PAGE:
McCain is ostensibly applying the bipartisan standard, in which he says he can’t in good conscience vote for something that doesn’t have at least some Democrat support.  Would that the Democrats had paid him the same courtesy when they shoved Obamacare down the country’s throat without a single Republican vote.  It doesn’t really matter, though, because McCain doesn’t mean a word of it.  If he did, he would have voted for a clean repeal on principle, so that Democrats and Republicans could then craft a truly bipartisan solution for health care.  Instead, he’s content to saddle the country with an unsustainable  program that is causing real hurt for the middle class.

The same goes for taxes.  What we have right now is a hopelessly complicated system riddled with so many special interest carve outs and favors that nobody can possibly understand it, which also makes American business less competitive and incentivizes them to park mounds of cash overseas.  Reforming that system could bring that money back and unleash the power of the American economy, while giving real relief to people who haven’t seen their real wages rise in years.  As an added bonus, it would also rally voters back to the GOP and prove that it can actually get things done.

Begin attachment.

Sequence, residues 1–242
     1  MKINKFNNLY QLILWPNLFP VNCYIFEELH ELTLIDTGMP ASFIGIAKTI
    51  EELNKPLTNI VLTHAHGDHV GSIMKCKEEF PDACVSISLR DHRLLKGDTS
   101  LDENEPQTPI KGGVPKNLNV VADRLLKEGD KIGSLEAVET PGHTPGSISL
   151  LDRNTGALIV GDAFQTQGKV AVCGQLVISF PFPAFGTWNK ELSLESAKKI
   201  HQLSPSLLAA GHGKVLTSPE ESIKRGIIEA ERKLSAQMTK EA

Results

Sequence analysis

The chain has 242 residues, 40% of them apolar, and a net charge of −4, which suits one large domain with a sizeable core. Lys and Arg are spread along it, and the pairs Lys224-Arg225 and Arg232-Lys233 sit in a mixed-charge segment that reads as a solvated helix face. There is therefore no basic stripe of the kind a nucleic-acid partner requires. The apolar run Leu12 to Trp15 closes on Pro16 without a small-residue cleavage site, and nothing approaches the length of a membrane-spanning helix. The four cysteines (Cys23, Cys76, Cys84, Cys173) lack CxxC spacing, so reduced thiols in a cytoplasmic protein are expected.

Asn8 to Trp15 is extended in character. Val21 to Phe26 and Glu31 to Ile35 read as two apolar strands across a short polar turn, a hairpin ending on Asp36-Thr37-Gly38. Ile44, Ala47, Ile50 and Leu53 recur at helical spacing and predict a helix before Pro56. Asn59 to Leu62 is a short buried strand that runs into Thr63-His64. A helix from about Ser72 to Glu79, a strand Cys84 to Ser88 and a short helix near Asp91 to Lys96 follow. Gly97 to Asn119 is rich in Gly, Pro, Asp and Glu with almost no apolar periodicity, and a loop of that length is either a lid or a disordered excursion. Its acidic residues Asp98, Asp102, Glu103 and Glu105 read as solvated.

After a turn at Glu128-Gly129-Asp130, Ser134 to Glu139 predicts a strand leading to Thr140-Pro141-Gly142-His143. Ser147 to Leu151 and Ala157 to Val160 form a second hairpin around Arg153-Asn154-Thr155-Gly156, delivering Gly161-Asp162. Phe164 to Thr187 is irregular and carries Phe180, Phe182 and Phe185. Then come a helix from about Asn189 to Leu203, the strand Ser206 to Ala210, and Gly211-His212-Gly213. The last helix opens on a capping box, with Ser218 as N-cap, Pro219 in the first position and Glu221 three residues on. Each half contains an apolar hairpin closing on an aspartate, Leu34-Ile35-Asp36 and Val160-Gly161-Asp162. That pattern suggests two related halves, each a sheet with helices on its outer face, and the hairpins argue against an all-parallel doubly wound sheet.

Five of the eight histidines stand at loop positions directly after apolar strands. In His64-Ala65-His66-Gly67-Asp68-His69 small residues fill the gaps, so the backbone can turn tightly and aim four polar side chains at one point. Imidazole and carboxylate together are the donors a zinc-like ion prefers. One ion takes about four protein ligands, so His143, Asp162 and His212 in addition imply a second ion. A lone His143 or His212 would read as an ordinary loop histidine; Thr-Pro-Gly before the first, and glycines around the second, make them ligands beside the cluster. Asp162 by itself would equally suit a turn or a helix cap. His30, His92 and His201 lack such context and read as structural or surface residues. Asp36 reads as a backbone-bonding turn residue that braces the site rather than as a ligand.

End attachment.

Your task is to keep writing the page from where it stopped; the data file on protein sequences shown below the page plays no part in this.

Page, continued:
Instead, McCain would rather stick a finger in the eye of the president just because he can.

What he seems to forget—or maybe McCain just doesn’t care—is that there are millions of us out here in the country who will have to pay the price for his vindictiveness.  The GOP will also suffer—because if they fail yet again, it’s a virtual guarantee that what happened on Tuesday will repeat itself on a national scale.

Then again, maybe that’s all part of the plan.  Maybe the establishment is content with seeing the GOP majority wiped out, just so they can halt the Trump agenda and show him who’s really boss.  And if a Dem-controlled House votes to impeach him, so much the better.  That’s what an outsider gets for daring to shake up the Washington status quo.

The swamp will not be so easily drained.

Ryan and Santorum Disagree on Meaning of Democrats’ VA Election Sweep

Nearly every observer has an interpretation of yesterday’s electoral sweep of Virginia by the Democratic Party, the first significant, positive performance the party has displayed since the election of Donald Trump.